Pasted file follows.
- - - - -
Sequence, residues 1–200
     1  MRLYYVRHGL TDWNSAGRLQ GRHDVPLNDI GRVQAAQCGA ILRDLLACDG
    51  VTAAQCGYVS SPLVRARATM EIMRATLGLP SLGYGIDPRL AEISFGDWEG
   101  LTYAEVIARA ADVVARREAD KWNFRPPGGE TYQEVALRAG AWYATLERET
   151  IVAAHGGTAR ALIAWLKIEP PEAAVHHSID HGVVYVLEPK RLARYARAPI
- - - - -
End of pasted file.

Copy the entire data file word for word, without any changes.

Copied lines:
Sequence, residues 1–200
     1  MRLYYVRHGL TDWNSAGRLQ GRHDVPLNDI GRVQAAQCGA ILRDLLACDG
    51  VTAAQCGYVS SPLVRARATM EIMRATLGLP SLGYGIDPRL AEISFGDWEG
   101  LTYAEVIARA ADVVARREAD KWNFRPPGGE TYQEVALRAG AWYATLERET
   151  IVAAHGGTAR ALIAWLKIEP PEAAVHHSID HGVVYVLEPK RLARYARAPI